Project Description/Abstract Defining the molecular interactions between a virus and its host that regulate gene-specific transactivation has been essential to understanding DNA virus persistence and replication. The Kaposi?s sarcoma-associated Herpesivrus Rta protein is necessary and sufficient for the virus to emerge from latency and replicate (lytic reactivation). Rta interacts directly with the cellular protein called RBP-Jk, which is also required for lytic reacti- vation. RBP-Jk normally specifies the genes that will be activated by the cellular Notch signal transduction pathway by binding sequence specifically to DNA. In this fashion, RBP-Jk serves as a ?landing pad? for the activated Notch receptor (Notch intracellular domain (NICD1)). KSHV Rta stimulates DNA binding of RBP-Jk during viral reactivation, a mechanism that is fundamentally different from the canonical mechanism established for other RBP-Jk-activating proteins, namely NICD1 and Epstein-Barr Virus (EBV) EBNA-2. Indeed, NICD1 is unable to stimulate complete viral reactivation, supporting a promoter-specific mechanism for controlling its activity in KSHV infected cells. Recent data suggest that DNA binding of RBP-Jk is regulated both positively and negatively in response to KSHV reactivation signals. Modulation of DNA binding of RBP-Jk is a novel level of regulation of the Notch pathway that has been underappreciated in the literature. The overall goal of this application is to define the basic molecular mechanisms that regulate RBP-Jk DNA binding in KSHV infected cells, and determine the transcriptional reprogramming that supports viral reactivation. Our studies will explain the fundamental regulation of productive and non-productive virus reactivation as determined by promoter- specific transactivation. We will therefore address these Specific Aims: Aim 1. Determine if novel host proteins stimulate Jk binding to viral promoters during KSHV reactivation. Aim 2. Determine how specific MBP/Jk/DNA complexes program Rta and Notch-dependent reactivation. A series of biochemical and molecular biological approaches are proposed. Protein-DNA interactions represent the basis for many of the experiments, and will be evaluated in response to overexpression or functional deletion of cellular proteins (termed ?motif binding proteins?, or MBPs). Effects on viral reactivation will be quantitated using a novel, highly quantitative, KSHV reporter virus. A major part of the project involves using a novel version of Rta to detect and measure its direct targets by next generation sequencing. This proposal will shed light on how Notch target genes are specified for transactivation, and reveal new components of the Notch signal transduction pathway.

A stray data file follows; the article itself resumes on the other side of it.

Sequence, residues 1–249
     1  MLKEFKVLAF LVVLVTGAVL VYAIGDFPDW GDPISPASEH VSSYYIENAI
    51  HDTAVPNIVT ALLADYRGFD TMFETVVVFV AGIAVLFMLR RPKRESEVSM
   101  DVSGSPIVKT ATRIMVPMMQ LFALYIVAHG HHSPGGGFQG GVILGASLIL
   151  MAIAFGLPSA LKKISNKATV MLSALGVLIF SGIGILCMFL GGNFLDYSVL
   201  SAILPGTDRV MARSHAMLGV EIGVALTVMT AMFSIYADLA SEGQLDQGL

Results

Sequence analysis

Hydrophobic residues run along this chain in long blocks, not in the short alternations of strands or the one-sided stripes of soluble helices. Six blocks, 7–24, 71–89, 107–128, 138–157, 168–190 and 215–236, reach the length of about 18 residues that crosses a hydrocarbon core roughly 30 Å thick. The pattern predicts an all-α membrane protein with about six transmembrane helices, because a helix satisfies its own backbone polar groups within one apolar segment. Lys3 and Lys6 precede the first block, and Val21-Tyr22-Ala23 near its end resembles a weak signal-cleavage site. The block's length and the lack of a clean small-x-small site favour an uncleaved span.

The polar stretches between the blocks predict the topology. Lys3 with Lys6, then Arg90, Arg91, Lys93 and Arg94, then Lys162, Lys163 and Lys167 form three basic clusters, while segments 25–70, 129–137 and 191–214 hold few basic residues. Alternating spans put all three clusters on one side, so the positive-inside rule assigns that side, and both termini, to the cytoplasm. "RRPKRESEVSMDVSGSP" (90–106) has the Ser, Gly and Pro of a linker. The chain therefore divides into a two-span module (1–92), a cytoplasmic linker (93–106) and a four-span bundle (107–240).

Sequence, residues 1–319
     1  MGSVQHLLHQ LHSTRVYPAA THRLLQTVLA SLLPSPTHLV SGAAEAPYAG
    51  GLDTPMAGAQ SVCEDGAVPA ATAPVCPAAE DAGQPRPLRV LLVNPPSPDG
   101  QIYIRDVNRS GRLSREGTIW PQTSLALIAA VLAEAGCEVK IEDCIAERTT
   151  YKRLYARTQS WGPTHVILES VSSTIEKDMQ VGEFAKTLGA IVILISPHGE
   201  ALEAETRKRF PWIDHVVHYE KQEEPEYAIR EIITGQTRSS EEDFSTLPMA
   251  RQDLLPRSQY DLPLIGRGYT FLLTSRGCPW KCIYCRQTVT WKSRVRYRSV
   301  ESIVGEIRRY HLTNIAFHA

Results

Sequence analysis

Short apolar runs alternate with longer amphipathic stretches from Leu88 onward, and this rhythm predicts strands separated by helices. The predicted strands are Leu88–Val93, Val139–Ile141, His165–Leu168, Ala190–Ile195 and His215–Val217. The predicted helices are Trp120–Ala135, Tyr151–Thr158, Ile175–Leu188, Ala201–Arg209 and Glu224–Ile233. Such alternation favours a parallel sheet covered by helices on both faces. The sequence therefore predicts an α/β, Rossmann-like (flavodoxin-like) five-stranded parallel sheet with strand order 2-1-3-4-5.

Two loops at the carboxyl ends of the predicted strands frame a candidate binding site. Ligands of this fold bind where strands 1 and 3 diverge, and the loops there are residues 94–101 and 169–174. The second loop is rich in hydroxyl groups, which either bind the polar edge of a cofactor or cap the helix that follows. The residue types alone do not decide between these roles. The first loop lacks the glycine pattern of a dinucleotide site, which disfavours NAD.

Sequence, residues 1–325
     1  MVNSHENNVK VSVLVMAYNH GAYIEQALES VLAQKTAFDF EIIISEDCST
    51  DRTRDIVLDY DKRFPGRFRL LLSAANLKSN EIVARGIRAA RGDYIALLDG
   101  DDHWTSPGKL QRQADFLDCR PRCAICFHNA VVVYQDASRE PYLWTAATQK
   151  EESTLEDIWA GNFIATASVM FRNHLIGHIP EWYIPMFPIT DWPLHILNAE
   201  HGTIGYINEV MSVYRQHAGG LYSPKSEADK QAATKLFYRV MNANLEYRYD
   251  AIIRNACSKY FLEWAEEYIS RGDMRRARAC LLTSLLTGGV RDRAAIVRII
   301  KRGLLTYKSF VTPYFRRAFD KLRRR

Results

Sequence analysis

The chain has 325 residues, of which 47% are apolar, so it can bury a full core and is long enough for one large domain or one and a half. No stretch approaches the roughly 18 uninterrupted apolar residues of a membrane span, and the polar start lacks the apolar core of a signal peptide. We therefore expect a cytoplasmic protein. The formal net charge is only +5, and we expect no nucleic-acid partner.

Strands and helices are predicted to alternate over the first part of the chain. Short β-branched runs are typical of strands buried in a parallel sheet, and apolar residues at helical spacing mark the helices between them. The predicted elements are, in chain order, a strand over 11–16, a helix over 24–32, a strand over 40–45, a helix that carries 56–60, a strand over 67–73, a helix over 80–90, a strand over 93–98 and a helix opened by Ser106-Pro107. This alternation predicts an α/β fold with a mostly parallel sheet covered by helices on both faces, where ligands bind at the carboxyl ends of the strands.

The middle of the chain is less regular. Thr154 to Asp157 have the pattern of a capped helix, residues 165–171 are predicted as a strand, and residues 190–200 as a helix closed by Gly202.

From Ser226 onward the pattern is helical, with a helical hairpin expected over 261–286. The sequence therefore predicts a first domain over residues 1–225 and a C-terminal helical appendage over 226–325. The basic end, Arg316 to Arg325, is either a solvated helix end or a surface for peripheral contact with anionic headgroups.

|Effective start/end date||7/1/20 → 6/30/21|
- National Institute of Allergy and Infectious Diseases: $234,000.00
- Molecular Biology